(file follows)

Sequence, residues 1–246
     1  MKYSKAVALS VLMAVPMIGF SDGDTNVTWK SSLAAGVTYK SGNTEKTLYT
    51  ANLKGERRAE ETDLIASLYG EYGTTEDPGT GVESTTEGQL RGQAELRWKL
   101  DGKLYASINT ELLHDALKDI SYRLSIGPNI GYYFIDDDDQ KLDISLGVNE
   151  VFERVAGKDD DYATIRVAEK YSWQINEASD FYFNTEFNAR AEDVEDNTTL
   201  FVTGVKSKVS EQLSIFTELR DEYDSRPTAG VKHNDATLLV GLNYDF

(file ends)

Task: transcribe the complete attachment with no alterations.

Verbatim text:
Sequence, residues 1–246
     1  MKYSKAVALS VLMAVPMIGF SDGDTNVTWK SSLAAGVTYK SGNTEKTLYT
    51  ANLKGERRAE ETDLIASLYG EYGTTEDPGT GVESTTEGQL RGQAELRWKL
   101  DGKLYASINT ELLHDALKDI SYRLSIGPNI GYYFIDDDDQ KLDISLGVNE
   151  VFERVAGKDD DYATIRVAEK YSWQINEASD FYFNTEFNAR AEDVEDNTTL
   201  FVTGVKSKVS EQLSIFTELR DEYDSRPTAG VKHNDATLLV GLNYDF